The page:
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Article
August 1927

ENDOGENOUS IRRITANTS AS FACTORS IN ECZEMA AND IN OTHER DERMATOSES: PRELIMINARY REPORT

Author Affiliations
Lecturer in Dermatology, McGill University; Associate Dermatologist, Montreal General Hospital MONTREAL, CANADA
From the Dermatological Clinic of Prof. G. Gordon Campbell, Montreal General Hospital.
Arch Derm Syphilol. 1927;16(2):131-140. doi:10.1001/archderm.1927.02380020003001
Abstract

The relationship between intestinal disorders and eczema has been the subject of much controversy among dermatologists. Eczemas associated with certain metabolic causes, to wit, "diabetic eczema," were recognized long ago, and more recently those associated with low sugar tolerance, have been recognized, as pointed out by McGlasson1 and Ayers2 in the United States and Campbell3 in Canada. The work of Bloch4 and others on the factor of external irritation has tended to swing the pendulum too far away from internal causes. The undoubted cases of eczema reported by Wise and Ramirez5 and by others showed definitely that eczema, particularly chronic, itchy, lichenified types, could be due to a food sensitization in an allergic person. Intestinal toxins as possible causes have been given variable consideration in textbooks on dermatology. Stelwagon and Gaskill say:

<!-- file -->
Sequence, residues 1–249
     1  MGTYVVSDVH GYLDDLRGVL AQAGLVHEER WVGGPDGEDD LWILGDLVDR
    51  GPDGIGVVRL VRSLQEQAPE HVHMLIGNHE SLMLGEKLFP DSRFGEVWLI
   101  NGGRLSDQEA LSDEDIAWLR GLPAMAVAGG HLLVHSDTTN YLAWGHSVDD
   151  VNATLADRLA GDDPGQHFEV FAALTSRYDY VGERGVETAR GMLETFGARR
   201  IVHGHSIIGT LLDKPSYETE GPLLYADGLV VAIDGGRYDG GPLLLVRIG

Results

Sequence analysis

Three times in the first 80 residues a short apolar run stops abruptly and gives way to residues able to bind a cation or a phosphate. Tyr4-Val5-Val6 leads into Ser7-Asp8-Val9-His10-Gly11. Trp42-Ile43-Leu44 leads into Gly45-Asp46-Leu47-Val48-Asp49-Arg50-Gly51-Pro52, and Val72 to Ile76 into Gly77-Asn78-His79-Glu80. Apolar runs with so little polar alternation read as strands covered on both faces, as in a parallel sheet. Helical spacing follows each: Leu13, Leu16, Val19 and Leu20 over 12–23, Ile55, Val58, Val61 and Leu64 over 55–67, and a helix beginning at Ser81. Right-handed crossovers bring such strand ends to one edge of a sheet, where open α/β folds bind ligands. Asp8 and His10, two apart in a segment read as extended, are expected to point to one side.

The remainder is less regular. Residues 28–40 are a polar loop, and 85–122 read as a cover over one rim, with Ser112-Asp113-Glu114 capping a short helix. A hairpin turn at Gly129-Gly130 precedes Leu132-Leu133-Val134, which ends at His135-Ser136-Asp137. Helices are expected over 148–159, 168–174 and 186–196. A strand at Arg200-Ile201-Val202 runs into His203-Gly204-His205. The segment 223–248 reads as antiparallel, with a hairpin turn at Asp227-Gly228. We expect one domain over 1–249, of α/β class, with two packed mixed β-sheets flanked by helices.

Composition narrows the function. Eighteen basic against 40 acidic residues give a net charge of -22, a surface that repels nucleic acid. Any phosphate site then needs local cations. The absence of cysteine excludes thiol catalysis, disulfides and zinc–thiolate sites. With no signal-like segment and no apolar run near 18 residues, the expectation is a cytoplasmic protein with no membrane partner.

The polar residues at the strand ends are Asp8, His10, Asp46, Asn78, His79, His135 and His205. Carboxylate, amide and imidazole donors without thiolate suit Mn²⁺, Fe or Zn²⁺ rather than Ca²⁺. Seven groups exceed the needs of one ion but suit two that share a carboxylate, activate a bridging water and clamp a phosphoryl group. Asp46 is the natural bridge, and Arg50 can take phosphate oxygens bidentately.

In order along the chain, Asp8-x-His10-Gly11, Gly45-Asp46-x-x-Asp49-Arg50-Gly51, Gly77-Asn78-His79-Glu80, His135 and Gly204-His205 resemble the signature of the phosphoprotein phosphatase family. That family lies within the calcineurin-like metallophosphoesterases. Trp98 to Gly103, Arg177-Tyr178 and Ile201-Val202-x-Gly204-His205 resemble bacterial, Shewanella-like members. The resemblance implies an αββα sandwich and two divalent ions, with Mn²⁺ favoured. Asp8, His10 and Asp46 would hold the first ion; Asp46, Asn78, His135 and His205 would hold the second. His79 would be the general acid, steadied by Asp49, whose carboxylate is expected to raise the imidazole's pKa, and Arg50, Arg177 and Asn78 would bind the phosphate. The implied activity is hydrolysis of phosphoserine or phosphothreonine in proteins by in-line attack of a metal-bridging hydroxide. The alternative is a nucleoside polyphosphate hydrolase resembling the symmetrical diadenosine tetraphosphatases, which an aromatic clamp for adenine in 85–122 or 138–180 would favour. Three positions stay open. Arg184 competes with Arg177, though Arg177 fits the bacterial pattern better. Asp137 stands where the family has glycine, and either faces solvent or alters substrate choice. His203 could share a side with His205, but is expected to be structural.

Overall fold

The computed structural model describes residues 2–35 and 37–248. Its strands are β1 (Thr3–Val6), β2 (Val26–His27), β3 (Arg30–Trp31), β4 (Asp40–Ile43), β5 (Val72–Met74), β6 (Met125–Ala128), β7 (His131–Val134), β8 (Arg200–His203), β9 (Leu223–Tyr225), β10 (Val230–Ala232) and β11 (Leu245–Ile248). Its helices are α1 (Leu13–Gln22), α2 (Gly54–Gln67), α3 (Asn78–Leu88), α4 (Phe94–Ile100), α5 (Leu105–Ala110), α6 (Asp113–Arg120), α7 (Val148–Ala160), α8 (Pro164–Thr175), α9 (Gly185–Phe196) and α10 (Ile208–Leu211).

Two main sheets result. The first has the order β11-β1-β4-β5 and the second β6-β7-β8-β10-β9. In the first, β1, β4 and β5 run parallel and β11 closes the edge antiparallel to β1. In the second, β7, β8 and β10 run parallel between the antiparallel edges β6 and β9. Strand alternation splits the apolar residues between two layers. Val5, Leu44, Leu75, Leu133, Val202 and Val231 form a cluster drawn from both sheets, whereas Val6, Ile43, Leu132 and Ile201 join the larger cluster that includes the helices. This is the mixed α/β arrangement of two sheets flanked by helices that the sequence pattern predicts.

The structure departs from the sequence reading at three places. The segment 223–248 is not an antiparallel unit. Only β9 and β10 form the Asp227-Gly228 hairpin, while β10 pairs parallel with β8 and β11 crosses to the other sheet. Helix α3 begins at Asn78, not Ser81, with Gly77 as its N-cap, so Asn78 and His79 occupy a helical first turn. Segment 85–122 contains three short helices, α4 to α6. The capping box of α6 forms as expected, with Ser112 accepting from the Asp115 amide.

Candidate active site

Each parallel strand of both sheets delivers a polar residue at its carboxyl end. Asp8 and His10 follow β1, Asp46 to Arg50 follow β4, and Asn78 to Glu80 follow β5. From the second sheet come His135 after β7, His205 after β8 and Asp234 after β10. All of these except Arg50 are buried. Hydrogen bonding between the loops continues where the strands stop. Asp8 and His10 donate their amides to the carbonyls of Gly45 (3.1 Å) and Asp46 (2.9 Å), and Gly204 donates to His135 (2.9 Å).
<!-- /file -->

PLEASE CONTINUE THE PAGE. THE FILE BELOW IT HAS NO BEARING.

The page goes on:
Digestive debility, dyspepsia, and its frequent accompaniment, constipation, must also be given a

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